Wednesday, February 19, 2020

The Common Man. . .

The movie The Two Popes has a scene in which the new Pope Francis says to the one who brings him the vestments he must don as the Supreme Pontiff "The carnival is over."  With that Jorge pushes aside the red shoes and the red mozetta trimmed in Ermine.  Francis insists that he is a common man.  Whether or not this happened this way, the dramatic license certainly accords with the Pope's decision to cultivate such an image.  No papal palace apartment, no papal kitchen, etc. etc.

Some applaud this and are happy to have a Pope who is more like a common man.  But this is an image and a false one.  No Pope is a common man.  He is by his office uncommon and unique.  He is no democratic idealized ruler of the Roman Catholic Church but more autocratic than many of those who came before him and much more so than his predecessor.  He is no populist man of the people but enjoys his celebrity status and cultivates it with his impromptu sessions with press on airplanes and phone calls late at night and, in particular, with his vague answers to specific questions.  He slaps a woman's hands who holds too long on to His and then apologizes when he fears how it affects his closely guarded image as a common man.  He makes fun of priests who try on vestments and belittles those whose rigidity submits their personal desires to rubrics.  In this he is not common or humble but arrogant.

Now some of you might be wondering what this all has to do with a Lutheran.  Well, we struggle with the same sort of fake humility and the false image some pastors cultivate of a common man.  They refuse to wear any uniform that his historic importance in favor of their own personal preference.  Whether we are talking about clerical collars or vestments, it is not humility that eschews the traditional vesture of the ordained.  It is hubris and pride.  To say "that is not me" is to impose your preference and choice upon the office you bear.  If one does this with such things as clergy shirts and vestments, it is highly likely that the same personality will look at the rubrics of the Divine Service as a series of not so important suggestions that can easily be cast aside and the doctrines of the faith as the same sort of "maybes" that need not be heeded.  That pastor presumes that his preference to depart from the tradition of the fathers is his domain and his prerogative when the reality is that rubrics and creeds and confessions are for the protection of the faithful against the whims of the pastor.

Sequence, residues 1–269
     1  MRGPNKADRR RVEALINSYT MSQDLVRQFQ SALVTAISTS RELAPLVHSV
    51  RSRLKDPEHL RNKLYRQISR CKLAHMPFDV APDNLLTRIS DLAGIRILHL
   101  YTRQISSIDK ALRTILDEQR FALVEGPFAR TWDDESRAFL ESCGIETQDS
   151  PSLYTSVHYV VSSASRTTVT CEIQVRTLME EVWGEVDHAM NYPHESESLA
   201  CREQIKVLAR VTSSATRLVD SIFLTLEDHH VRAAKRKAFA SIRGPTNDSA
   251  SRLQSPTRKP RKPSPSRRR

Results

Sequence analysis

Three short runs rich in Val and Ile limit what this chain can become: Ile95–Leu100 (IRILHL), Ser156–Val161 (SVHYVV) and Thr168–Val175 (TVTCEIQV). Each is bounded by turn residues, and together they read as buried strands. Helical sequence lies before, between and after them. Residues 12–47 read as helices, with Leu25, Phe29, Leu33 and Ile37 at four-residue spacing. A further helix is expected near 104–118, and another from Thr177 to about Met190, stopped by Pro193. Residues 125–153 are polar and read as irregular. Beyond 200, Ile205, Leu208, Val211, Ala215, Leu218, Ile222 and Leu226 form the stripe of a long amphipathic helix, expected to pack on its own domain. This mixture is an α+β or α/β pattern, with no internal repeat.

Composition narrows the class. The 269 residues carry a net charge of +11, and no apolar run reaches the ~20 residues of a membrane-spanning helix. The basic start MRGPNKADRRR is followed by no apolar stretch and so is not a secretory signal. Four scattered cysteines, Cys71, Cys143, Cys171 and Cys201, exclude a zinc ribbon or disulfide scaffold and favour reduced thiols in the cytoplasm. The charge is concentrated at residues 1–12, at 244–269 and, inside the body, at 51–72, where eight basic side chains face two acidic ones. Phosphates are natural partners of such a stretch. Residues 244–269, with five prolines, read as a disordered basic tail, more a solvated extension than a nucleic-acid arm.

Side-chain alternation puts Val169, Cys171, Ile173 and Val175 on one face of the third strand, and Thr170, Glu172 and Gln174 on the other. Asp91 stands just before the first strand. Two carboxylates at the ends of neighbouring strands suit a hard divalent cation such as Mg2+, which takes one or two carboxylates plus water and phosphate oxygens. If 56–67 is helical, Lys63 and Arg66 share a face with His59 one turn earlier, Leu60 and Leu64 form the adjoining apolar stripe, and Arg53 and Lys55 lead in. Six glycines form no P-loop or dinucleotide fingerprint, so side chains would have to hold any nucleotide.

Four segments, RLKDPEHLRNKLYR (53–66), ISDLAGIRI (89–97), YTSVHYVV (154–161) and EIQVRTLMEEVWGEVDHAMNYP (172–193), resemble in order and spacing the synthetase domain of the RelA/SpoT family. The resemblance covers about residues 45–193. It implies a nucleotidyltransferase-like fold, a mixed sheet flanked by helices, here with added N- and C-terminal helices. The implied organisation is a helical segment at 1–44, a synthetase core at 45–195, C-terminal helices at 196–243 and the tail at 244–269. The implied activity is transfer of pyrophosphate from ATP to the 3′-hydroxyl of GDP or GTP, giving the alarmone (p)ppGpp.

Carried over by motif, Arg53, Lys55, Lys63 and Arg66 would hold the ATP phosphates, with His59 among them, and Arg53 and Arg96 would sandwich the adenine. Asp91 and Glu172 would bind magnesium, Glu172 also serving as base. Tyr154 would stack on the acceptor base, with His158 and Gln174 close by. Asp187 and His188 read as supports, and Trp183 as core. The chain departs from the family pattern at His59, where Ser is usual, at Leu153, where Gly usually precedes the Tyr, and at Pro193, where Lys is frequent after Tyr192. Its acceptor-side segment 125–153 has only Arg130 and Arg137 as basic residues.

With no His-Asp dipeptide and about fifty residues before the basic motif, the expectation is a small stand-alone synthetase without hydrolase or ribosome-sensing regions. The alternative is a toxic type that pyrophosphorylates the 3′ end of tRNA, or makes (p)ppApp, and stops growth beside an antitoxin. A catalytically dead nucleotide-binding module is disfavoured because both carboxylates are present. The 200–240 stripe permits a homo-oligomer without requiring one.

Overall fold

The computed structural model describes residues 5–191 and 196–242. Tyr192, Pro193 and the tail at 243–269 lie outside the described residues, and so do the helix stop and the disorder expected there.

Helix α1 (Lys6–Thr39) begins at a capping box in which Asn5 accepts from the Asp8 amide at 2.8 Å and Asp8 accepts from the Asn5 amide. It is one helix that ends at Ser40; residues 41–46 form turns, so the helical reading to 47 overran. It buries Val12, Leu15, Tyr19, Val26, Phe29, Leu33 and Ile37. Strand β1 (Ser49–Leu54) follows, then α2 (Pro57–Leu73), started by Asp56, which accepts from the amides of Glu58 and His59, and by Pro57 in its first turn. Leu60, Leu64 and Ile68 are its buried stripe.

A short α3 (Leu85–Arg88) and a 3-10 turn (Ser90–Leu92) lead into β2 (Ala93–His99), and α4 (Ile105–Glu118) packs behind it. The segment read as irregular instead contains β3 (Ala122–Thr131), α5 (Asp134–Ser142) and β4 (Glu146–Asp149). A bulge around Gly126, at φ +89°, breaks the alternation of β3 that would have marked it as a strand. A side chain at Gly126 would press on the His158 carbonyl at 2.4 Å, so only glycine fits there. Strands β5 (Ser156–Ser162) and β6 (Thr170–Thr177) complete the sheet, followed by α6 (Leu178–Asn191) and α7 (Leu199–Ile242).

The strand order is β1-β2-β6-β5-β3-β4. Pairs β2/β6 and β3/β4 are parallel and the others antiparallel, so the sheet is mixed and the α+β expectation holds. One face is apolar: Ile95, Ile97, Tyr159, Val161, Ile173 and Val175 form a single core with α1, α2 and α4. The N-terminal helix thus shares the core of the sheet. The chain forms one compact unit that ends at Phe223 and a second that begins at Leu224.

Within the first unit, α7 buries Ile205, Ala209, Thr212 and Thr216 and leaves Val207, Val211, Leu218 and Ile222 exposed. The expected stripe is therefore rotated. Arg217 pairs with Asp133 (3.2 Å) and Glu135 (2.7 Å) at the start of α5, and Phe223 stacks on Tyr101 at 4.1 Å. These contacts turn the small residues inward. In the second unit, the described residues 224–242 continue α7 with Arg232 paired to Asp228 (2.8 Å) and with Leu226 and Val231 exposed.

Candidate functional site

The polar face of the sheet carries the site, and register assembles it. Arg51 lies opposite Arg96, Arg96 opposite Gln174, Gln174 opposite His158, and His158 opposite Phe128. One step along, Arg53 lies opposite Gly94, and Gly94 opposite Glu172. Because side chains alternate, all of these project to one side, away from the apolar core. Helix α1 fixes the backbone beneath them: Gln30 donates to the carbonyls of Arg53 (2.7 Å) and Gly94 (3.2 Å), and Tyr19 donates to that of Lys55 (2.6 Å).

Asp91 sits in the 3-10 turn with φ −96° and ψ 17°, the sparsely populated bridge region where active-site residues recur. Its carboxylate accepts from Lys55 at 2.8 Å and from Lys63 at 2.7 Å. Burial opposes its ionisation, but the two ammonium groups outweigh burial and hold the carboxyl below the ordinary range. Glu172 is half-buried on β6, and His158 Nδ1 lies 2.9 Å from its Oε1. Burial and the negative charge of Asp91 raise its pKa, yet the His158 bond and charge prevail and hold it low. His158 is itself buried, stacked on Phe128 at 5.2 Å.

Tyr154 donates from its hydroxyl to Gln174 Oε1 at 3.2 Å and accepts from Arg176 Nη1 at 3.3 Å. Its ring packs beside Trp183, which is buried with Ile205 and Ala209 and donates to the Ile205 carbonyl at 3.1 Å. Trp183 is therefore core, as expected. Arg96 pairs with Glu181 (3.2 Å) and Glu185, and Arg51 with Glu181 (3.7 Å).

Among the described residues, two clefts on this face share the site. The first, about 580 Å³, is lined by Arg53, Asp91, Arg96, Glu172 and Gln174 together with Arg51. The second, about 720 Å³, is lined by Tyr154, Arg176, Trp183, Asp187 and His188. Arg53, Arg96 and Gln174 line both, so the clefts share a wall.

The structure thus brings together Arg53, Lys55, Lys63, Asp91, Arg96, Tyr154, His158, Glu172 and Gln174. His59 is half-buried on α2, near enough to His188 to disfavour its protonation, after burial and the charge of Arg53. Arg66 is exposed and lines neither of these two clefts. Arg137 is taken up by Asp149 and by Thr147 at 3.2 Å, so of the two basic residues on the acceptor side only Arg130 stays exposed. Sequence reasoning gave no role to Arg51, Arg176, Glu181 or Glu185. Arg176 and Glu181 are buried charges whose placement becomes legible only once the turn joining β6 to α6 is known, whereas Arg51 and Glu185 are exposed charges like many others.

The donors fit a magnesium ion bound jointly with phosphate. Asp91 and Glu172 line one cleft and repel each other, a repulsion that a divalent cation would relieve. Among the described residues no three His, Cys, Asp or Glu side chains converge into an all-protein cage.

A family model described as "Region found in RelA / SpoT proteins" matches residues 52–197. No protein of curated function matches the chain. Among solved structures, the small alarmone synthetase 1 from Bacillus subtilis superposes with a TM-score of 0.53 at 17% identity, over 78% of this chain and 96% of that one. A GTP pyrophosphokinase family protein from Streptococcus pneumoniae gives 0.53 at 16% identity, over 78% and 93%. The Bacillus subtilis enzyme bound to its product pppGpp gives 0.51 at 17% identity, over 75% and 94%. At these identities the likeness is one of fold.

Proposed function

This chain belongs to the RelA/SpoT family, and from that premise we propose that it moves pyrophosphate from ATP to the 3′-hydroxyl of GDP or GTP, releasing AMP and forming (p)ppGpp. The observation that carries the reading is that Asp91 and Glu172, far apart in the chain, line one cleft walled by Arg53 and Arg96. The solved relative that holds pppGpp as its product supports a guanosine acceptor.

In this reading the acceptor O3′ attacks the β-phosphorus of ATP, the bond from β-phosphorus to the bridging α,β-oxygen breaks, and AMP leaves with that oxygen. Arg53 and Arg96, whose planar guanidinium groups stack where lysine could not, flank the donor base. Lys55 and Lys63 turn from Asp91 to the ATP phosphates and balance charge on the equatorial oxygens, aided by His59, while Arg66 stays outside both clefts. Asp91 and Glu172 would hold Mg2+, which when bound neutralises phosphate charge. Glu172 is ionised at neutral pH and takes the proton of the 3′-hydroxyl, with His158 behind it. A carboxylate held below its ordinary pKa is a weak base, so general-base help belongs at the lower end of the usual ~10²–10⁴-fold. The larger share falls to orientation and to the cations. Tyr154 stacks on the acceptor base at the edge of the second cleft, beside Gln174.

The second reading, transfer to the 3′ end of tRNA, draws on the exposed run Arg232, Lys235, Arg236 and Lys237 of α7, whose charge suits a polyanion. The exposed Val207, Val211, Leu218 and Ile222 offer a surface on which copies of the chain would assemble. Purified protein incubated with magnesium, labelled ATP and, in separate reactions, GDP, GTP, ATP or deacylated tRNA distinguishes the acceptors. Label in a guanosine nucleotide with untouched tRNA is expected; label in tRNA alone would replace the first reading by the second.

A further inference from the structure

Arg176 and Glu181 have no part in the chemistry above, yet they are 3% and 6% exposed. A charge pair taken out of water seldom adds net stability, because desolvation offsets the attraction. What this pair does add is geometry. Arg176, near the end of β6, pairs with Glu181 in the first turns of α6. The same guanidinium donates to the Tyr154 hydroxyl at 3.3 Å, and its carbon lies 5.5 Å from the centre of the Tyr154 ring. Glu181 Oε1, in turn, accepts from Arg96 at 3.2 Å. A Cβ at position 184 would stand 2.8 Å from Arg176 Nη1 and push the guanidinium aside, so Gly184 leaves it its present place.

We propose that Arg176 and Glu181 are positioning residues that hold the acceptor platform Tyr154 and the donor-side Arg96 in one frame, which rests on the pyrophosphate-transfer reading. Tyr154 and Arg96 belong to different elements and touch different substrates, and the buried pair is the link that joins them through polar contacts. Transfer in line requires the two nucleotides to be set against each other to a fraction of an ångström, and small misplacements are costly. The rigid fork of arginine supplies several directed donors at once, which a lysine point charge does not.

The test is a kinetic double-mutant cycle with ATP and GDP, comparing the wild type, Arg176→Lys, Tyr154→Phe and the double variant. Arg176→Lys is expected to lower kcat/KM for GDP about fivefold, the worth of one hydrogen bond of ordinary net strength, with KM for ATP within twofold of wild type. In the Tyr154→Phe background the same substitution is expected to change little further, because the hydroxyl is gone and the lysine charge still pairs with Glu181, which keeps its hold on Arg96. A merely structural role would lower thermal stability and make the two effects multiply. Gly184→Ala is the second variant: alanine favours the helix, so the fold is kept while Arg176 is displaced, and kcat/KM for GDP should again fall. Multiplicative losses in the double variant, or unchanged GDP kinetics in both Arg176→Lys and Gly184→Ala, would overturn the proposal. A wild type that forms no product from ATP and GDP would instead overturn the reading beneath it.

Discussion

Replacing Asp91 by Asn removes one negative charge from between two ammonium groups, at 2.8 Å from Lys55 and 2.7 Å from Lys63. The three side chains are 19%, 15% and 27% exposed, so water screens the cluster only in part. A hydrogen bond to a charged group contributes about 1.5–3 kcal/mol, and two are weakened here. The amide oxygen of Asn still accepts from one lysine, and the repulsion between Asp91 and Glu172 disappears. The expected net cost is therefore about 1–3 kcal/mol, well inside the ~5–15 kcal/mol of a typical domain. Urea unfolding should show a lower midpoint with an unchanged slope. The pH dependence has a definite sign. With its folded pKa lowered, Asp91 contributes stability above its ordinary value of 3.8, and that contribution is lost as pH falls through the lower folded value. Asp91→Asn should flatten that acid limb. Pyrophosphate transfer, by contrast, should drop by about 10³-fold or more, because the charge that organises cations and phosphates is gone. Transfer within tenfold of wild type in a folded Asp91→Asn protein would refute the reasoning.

Those who would add to the Divine Service rubrics and rituals once there but lost due to the pressures of authorities in opposition to Lutheranism (like the elevation, for example) or to the fear of things katolisch (chanting, for example) or to the irrational fear of things (the common cup, for example) are not imposing their own preference upon others but restoring what was ours but was lost to us for no good reason.  This is not the same as the pastor who chooses khakis and a polo over a clerical collar or worn jeans and a tee shirt over alb, stole, and chasuble.  The pastor doing this is imposing himself upon the office and insisting that people see him as he wants to be seen rather than through the veil of the office conferred upon him by election and ordination. 

Those who dispense with the creed in favor of their own literary efforts or who omit the creed entirely are imposing upon the faithful a whim of their own preference or arrogance when the creed is there precisely to defend orthodoxy and to give the faithful a voice to confess it in common in the Divine Service.  Those who ditch the liturgy in favor of their own creative efforts are imposing themselves on the very thing that protects the faithful against the whims of those who lead their song of praise.  Those who abandon the hymnody of the ages with its focus upon Christ in favor of contemporary song that appeals to the rhythms of the age or the sound of popular music are imposing preference over the content and substance of the faith that these hymns preserve and profess.

Some believe that pastors who hold to the traditions of the fathers are imposing their own personal preference upon the people and that those who follow the ceremonial of the rubrics are swimmers readying themselves to tackle the Tiber.  They are mistaken.  We have much more to fear from those who cultivate the image of the common man in order to blur the rightful distinction between pastor and people and to avoid the particular responsibilities placed on those who seek the office and on whom the Church confers that office.  Let the Church be warned.  So wake up, Rome, Francis is no common man and wake up, Lutherans, your pastor should not be one either.  They bear offices that require them to be set apart and for them to distance themselves from these offices ought to raise warning bells for the people in the pew.